The internet was only four years into its commercialization. It was, by then, mainstream enough, but viral marketing was still a new and exciting way to promote all kinds of products. Sanchez and Myrick took full advantage of this new marketing scheme, creating a whole mythos behind their little low budget horror film. When I first heard of THE BLAIR WITCH PROJECT, it was in a blurb in Premiere Magazine. The film had just played Sundance and was picked up for distribution by Artisan. Though there were no details given as to what the film was about, there was a website listed. Curious, I decided to check it out and man, oh man, did I love what I found.
Here was an entire back story, complete with snippets of urban legends, police reports, “crime scene” photos… You felt like you were stumbling upon some great mystery. I remember waiting 15 minutes (I do not miss dial-up internet) just to watch some embedded QuickTime video about the unsolved disappearance of three documentary filmmakers in the Maryland woods. It was a fresh and fascinating way to market a movie. Seeing the film on its opening night was like finally finding that missing piece of a puzzle, even if the finale brought with it suggestions of an even deeper mystery, one that would never be solved. I was terrified by the film. I was convinced by the film. But more than that, I was impressed with the film.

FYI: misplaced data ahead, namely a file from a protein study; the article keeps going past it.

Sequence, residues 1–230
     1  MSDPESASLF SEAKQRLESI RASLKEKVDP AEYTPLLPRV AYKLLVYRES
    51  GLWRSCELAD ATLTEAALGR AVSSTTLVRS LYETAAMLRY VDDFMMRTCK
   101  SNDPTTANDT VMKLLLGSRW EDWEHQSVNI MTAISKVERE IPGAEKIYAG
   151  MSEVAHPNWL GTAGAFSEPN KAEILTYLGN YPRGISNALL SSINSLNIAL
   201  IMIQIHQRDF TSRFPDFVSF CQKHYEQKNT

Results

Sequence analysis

I have to wonder if anyone else in the theater had the same experience I did. Truth be told, seeing THE BLAIR WITCH PROJECT without any knowledge of the fictional back story is to only see half the film. Artisan clearly knew this as a SciFi Channel special, The Curse of the Blair Witch, a more traditional re-telling of the information contained on the website, was aired shortly before release. All of this appealed to me greatly. Here it was, the first true combination of visual media, the traditional cinema presentation of a guerrilla-style film complimented by the new media of the internet.